Emergency presentation of iatrogenic airway stenosis followi
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A 59-year-old man presented to the emergency department with recent-onset biphasic stridor, dyspnoea and increased work of breathing on the background of prolonged intubation for the novel COVID-19 2?months previously. Flexible laryngoscopy revealed bilateral vocal fold immobility with a soft tissue mass in the inter arytenoid region. The patient’s symptoms improved with oxygen therapy, nebulised epinephrine (5?mL; 1:10 000), and intravenous dexamethasone (3.3?mg). The following morning, the patient was taken to theatre, underwent suspension microlaryngoscopy and found to have a bilateral fixation of the cricoarytenoid joints and a large granuloma in the interarytenoid area. He underwent cold steel resection of the granuloma and balloon dilatation between the arytenoids, with the hope of mobilizing the joints. This failed and CO2 laser arytenoidectomy was performed on the left side. The stridor had resolved postoperatively, with normalization of work of breathing and the patient was discharged home on the first postoperative day.

Patients requiring mechanical ventilation for COVID-19 suffered prolonged endotracheal intubation due to the need for high ventilation pressures, nursing in the prone position (higher risk of decannulation) and high viral concentration in the upper aerodigestive tract leading to possible infection of healthcare providers during and after tracheostomy insertion.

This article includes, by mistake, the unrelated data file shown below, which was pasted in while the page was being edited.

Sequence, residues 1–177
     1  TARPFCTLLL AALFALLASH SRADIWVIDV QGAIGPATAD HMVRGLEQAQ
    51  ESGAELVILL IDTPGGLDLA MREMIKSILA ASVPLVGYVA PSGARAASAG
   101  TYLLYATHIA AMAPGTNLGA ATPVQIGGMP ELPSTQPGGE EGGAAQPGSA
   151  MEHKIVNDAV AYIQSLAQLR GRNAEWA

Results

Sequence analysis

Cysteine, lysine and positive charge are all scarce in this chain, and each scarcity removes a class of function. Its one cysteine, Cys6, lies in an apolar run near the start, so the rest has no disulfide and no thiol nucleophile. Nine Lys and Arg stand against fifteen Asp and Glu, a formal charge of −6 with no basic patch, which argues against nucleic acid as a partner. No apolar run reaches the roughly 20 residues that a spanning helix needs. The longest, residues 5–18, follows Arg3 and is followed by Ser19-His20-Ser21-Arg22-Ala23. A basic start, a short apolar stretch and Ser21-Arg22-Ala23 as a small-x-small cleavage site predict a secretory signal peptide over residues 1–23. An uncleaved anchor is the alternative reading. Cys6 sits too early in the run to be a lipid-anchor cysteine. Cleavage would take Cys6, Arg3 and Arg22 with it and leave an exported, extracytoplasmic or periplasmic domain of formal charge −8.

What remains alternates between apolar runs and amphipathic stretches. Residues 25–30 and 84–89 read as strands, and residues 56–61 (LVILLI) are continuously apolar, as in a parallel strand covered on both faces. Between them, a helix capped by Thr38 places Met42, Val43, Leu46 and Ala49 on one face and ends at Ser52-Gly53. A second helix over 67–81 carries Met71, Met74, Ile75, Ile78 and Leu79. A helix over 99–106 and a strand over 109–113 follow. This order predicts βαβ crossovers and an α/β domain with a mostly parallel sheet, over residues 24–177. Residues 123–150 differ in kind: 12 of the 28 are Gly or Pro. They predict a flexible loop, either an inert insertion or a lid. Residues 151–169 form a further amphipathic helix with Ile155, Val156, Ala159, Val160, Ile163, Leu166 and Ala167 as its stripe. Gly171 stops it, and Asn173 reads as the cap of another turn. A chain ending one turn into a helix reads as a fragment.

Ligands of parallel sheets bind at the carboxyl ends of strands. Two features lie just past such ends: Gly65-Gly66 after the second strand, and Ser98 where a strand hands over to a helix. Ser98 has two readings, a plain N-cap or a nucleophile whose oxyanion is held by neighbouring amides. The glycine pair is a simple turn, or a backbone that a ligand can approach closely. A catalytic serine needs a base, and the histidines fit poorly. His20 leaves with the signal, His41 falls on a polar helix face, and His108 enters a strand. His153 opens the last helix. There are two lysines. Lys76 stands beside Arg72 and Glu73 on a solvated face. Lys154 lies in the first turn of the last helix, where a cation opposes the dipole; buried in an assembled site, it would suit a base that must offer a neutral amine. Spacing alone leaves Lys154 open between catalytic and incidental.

Common symptoms of laryngotracheal stenosis include dry cough, hoarseness, swallowing dysfunction, and at a more advanced stage, stridor. Early diagnosis and treatment of these cases have been shown to yield superior therapeutic outcomes7 and prevent long-term sequelae. A study of 62 patients from our institution showed that endoscopic surgery can be an effective strategy for definitively treating postintubation tracheal stenosis in most patients.8 Rigid bronchoscopic intervention is a cogent alternative in cases of subglottic and tracheal stenoses,9 though would be unsuitable for glottic pathology as in this case. Suspension laryngoscopy allowed CO2 laser arytenoidectomy, which created a patent airway in the posterior third of the glottis thus avoiding a tracheostomy.

Patients with long-term airway stenosis are often misdiagnosed with respiratory conditions such as asthma and thus suffer delays in initiation of diagnostic and therapeutic interventions. It is important to promote a high index of suspicion among general practitioners, emergency medicine, and respiratory physicians in order to facilitate early diagnosis and maximize patient outcomes.

Source:https://casereports.bmj.com/content/13/12/e238508
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